Hacking group accidentally infects itself with Remote Access Trojan horse

Oh dear. What a shame. Never mind.

Graham Cluley
@gcluley

Hacking group accidentally infects itself with Remote Access Trojan horse

Patchwork, an Indian hacking group also known by such bizarre names as Hangover Group, Dropping Elephant, Chinastrats, and Monsoon, has proven the old adage that to err is human, but to really cock things up you need to be a cybercriminal.

The hackers, who have become notorious for launching spear phishing attacks against Pakistani institutions, managed to infect themselves with their own Remote Access Trojan (RAT) in January, according to experts at Malwarebytes.

In a blog post, security researchers at Malwarebytes describes how it found a new variant of the BADNEWS RAT (which it dubbed Ragnatela) being launched via spear phishing emails which pretended to come from the Pakistani authorities.

Investigations by the researchers uncovered that a number of Pakistani institutions had been successfully compromised by the RAT:

  • Ministry of Defense – Government of Pakistan
  • National Defense University of Islam Abad
  • Faculty of Bio-Science, UVAS University, Lahore, Pakistan
  • International center for chemical and biological sciences
  • HEJ Research institute of chemistry, International center for chemical and biological sciences, univeristy of Karachi
  • SHU University, Molecular medicine

However, it was also discovered that the hacking group had managed to also infect its own development machine, and the RAT had captured the criminals’ own keystrokes alongside screenshots of their own computers.

Malwarebytes researchers were able to unearth that the hackers were running both VirtualBox and VMware on their computers, with both English and Indian keyboard layouts setup.

Furthermore, with some bemusement, the researchers found the Patchwork group’s computer was reporting the weather at the time to be “cloudy with 19 degrees and that they haven’t updated their Java yet.”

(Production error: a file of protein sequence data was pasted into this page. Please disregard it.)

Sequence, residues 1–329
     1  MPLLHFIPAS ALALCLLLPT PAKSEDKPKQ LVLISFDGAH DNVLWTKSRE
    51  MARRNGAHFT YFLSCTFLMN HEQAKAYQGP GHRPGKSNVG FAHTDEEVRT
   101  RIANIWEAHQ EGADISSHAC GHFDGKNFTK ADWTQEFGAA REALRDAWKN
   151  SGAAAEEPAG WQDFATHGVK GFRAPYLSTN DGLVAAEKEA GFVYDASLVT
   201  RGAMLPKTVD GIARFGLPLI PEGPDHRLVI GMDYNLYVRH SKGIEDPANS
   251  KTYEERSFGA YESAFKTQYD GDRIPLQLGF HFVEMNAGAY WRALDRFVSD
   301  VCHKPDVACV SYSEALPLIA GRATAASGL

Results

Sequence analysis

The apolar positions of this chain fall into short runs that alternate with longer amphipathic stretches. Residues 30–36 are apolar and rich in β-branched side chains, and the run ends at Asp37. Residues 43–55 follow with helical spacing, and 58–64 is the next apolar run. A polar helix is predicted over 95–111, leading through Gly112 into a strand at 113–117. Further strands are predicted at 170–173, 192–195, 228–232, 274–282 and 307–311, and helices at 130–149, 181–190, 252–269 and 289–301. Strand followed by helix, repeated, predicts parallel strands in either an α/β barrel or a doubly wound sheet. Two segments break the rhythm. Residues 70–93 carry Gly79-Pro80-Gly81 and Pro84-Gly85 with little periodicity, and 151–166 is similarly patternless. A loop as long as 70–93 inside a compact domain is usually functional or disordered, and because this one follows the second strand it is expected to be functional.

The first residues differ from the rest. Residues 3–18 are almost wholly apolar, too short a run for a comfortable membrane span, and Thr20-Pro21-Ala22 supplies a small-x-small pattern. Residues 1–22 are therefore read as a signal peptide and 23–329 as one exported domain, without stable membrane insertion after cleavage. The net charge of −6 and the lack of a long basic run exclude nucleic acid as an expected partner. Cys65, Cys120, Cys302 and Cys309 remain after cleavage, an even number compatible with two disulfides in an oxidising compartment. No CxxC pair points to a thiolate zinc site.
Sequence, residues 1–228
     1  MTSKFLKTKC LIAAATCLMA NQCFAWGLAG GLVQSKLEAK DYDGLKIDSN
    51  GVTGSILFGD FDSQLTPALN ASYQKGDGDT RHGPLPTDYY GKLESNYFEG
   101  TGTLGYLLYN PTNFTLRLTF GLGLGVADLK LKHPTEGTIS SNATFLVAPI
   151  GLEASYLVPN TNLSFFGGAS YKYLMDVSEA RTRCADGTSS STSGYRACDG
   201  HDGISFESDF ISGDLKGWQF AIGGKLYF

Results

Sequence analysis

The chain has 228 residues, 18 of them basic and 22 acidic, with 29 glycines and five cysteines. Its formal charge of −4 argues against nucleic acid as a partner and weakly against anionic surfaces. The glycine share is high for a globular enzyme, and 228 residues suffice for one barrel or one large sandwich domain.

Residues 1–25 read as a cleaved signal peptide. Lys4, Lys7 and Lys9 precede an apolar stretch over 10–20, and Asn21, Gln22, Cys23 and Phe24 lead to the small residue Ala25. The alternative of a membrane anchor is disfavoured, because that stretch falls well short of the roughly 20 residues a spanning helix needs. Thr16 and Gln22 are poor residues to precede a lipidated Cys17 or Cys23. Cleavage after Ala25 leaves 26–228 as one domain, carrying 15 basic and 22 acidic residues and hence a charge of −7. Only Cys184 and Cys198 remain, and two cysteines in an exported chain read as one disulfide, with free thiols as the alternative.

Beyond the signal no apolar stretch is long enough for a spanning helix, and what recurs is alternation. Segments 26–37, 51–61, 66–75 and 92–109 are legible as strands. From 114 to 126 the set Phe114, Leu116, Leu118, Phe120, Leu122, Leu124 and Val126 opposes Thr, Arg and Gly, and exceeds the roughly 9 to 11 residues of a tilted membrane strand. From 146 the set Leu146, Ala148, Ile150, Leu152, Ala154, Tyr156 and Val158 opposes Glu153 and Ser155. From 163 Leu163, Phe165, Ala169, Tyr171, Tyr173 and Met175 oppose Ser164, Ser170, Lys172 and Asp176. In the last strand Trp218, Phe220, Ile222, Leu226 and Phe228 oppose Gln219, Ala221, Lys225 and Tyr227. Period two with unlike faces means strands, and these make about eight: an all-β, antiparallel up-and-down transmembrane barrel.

Tut tut. Surely every savvy cybercriminal should understand the importance of keeping up-to-date with their security patches?

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All hope is not lost, however. It appears that the hackers use the VPNs CyberGhost and VPN Secure in an attempt to hide their IP address when logging into their victims’ email accounts. So at least they’re trying to not be entirely incompetent.

Malwarebytes says that this is the first time it has seen the Patchwork hacking group, which has been active since 2015, targeting molecular medicine and biological science researchers.

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Graham Cluley is a veteran of the anti-virus industry having worked for a number of security companies since the early 1990s when he wrote the first ever version of Dr Solomon's Anti-Virus Toolkit for Windows. Now an independent security analyst, he regularly makes media appearances and is an international public speaker on the topic of computer security, hackers, and online privacy. Follow him on Twitter at @gcluley, or drop him an email.

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